JERUSALEM — Israeli media, ignoring censorship laws barring publication of the name of the head of Israel's domestic security service, have reported that the former head of the navy has agreed to take on the post of Shin Bet head.
Rear Adm. Ami Ayalon, who left the navy at the end of the year, will replace the current Shin Bet head — known only by his initial, the Hebrew letter "Kaf" — who announced earlier this week that he was stepping down.
Kaf's resignation came amid sharp criticism of Shin Bet security lapses surrounding the Nov. 4 assassination of Yitzhak Rabin.
If Ayalon is appointed — Prime Minister Shimon Peres will reportedly submit Ayalon as his choice Sunday to the Cabinet — it would be the first time a Shin Bet head was appointed from outside the security organization.
Observers said Peres appointed a Shin Bet outsider to improve the agency's reputation in the wake of the assassination.
Senior Israel Defense Force and security sources were reportedly satisfied with Ayalon, who has a reputation for keeping a low profile.
After Kaf announced plans to resign, several possible successors were named, including Ayalon and the head of the IDF Central Command, Maj. Gen. Ilan Biran.
Ayalon, 50, turned down a previous offer to be appointed Shin Bet head when the post was offered to him by Rabin, Peres' predecessor.
Israeli newspapers say Ayalon agreed to take the position after meeting with the current head of the agency, who reportedly persuaded him to take the post.
By law, the name of the Shin Bet head is withheld to protect his safety.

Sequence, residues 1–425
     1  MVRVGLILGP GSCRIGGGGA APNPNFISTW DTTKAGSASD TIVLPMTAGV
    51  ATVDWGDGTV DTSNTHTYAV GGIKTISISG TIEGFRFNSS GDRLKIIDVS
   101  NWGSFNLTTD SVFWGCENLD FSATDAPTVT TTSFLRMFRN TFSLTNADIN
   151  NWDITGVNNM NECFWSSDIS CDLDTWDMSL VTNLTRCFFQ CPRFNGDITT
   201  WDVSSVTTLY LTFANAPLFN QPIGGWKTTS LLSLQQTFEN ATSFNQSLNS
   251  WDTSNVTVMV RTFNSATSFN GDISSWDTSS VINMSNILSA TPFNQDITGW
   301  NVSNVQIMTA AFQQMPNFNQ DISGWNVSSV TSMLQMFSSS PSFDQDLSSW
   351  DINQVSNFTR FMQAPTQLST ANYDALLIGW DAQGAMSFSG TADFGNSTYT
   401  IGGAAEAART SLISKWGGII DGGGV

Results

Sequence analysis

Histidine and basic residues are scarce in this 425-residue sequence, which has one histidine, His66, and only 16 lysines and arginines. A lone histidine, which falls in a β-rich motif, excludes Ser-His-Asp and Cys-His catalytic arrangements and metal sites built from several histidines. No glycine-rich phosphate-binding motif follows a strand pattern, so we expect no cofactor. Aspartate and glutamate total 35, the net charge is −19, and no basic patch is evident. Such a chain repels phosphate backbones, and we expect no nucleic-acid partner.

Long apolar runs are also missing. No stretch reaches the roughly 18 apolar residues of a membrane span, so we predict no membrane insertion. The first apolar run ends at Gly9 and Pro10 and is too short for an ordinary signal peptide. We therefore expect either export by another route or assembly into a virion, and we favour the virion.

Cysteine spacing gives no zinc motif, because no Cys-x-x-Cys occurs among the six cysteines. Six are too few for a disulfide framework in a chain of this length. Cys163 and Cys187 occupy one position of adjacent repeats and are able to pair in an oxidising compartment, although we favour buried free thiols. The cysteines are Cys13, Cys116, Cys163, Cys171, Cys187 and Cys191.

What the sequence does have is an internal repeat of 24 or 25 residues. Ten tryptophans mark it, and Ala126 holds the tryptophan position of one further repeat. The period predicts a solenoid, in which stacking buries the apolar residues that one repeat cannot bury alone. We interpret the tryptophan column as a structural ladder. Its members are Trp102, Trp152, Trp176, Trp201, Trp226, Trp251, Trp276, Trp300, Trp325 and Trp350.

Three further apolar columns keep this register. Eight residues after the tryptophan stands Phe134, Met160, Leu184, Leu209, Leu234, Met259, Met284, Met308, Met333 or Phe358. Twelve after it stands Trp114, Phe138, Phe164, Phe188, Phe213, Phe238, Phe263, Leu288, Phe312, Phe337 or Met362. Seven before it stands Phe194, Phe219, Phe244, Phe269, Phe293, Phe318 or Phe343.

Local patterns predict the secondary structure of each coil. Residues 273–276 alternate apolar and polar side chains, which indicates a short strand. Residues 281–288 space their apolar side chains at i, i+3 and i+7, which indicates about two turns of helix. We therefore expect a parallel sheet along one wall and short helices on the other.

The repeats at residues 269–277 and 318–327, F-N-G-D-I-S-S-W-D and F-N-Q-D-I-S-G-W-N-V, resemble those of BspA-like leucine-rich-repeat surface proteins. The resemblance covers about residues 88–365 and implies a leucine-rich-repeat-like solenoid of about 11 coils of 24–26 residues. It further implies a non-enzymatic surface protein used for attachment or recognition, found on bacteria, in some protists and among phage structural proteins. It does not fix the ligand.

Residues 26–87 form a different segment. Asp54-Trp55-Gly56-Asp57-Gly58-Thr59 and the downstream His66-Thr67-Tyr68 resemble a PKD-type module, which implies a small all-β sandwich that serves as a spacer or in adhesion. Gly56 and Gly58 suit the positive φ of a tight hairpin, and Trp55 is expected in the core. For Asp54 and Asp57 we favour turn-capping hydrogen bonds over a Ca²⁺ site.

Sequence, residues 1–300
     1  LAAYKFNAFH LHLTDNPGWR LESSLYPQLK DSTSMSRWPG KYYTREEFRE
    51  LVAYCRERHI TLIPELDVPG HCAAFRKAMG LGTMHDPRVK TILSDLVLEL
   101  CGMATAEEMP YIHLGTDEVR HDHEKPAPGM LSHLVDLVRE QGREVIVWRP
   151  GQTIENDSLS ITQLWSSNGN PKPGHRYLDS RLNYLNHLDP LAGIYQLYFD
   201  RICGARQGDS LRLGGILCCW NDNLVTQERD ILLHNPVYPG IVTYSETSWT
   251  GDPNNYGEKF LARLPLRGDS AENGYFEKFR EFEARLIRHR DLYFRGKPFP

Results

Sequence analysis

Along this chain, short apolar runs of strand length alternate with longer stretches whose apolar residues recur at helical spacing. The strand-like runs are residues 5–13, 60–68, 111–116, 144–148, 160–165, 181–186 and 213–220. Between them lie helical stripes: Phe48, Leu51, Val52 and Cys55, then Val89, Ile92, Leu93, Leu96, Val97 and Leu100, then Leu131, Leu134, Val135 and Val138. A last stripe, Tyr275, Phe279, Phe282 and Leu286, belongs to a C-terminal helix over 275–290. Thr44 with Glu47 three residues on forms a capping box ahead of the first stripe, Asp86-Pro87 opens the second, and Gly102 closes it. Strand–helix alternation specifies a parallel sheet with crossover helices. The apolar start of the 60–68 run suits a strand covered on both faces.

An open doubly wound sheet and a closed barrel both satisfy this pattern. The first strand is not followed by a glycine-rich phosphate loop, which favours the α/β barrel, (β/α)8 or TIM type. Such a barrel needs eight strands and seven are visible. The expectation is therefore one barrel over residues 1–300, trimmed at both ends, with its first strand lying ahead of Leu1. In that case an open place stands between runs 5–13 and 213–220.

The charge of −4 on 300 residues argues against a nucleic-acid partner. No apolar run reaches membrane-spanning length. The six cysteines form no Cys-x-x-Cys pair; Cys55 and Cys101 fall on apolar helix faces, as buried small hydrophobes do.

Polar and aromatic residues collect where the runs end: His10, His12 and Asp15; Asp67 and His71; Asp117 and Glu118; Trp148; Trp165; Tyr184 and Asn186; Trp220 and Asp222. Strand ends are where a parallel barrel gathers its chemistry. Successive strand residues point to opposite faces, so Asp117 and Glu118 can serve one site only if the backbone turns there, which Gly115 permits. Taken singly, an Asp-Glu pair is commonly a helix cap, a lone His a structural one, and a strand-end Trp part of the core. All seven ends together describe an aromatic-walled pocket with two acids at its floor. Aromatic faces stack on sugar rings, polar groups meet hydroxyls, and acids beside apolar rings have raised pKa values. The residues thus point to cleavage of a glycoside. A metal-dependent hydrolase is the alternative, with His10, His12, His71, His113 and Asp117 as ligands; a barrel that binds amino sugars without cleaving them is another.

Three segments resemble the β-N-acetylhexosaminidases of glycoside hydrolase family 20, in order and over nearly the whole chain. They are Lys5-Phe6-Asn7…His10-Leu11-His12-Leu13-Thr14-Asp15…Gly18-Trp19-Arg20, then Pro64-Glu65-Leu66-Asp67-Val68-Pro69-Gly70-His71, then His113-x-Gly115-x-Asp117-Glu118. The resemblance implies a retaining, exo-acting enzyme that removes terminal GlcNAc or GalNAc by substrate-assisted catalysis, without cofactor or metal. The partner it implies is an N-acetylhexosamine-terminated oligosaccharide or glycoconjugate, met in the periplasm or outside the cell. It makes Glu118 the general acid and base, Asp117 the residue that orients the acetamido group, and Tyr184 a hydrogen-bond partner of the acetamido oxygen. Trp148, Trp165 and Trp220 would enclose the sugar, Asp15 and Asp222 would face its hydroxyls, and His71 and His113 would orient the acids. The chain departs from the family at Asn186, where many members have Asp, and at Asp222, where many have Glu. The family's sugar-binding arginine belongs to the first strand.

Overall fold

But several Israeli newspapers published Ayalon's name, saying they were doing so at a time when the Israeli public was demanding more government openness.
Newspaper officials added that even though the workings of the Shin Bet should be kept secret in most instances, the name of it's top official should be disclosed.
In the wake of the publication of Ayalon's name, Environment Minister Yossi Sarid called for a change in the legislation barring publication of the Shin Bet head's identity.
Kaf's decision to resign was dramatic, but not unexpected.
Along with five other Shin Bet officials, he recently received a warning letter from the state commission of inquiry investigating the assassination that any testimony he gave before the panel could be used against him.
Immediately after Rabin's assassination, Kaf asked to resign. But at the time, Peres refused the request.
In the letter he submitted after the assassination, Kaf reportedly said he believed the security service bore most of the weight for the failures that led to Rabin's murder, so he must resign.
But Peres refused the request, saying the Shin Bet still had many challenges to face, not the least of which was the ongoing battle against Islamic terror.
Peres also stressed the security service's role in ensuring that the political process advance after the assassination.
Kaf raised the issue twice more before presenting Peres with another request Sunday to be released from his duties, according to Israel Radio.
Peres rejected the latest request, asking Kaf to reconsider. But on Monday, Kaf said his decision was final, and Peres accepted it.
Some commentators noted how the resignation came at a time of recent successes in Israel's battle against Islamic terror.
Israel has refused to say if it was responsible for the death last Friday of Hamas terrorist Yehiya Ayash in the Gaza Strip — but the general assessment is that Israeli security operatives were involved.
Kaf, 45, was born in Jerusalem to an established legal family. He is a fifth-generation Israeli and a father of three. He joined the security service in 1970.
He wrote a paper on the threat of Jewish extremism, and during his career uncovered the right-wing Jewish underground.
Ironically, the self-confessed assassin of Rabin, Yigal Amir, was a Jewish extremist of the sort that Kaf wrote about during his career with the Shin Bet.